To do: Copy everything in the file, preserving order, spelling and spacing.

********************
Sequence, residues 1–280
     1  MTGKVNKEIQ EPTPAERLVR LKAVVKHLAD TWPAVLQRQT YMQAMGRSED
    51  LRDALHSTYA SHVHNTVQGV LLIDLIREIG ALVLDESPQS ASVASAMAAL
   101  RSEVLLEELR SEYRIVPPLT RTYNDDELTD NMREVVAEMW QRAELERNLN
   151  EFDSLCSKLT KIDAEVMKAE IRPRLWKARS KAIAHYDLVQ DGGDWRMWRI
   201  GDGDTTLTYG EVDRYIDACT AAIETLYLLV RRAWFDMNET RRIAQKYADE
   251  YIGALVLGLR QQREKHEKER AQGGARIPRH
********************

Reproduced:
Sequence, residues 1–280
     1  MTGKVNKEIQ EPTPAERLVR LKAVVKHLAD TWPAVLQRQT YMQAMGRSED
    51  LRDALHSTYA SHVHNTVQGV LLIDLIREIG ALVLDESPQS ASVASAMAAL
   101  RSEVLLEELR SEYRIVPPLT RTYNDDELTD NMREVVAEMW QRAELERNLN
   151  EFDSLCSKLT KIDAEVMKAE IRPRLWKARS KAIAHYDLVQ DGGDWRMWRI
   201  GDGDTTLTYG EVDRYIDACT AAIETLYLLV RRAWFDMNET RRIAQKYADE
   251  YIGALVLGLR QQREKHEKER AQGGARIPRH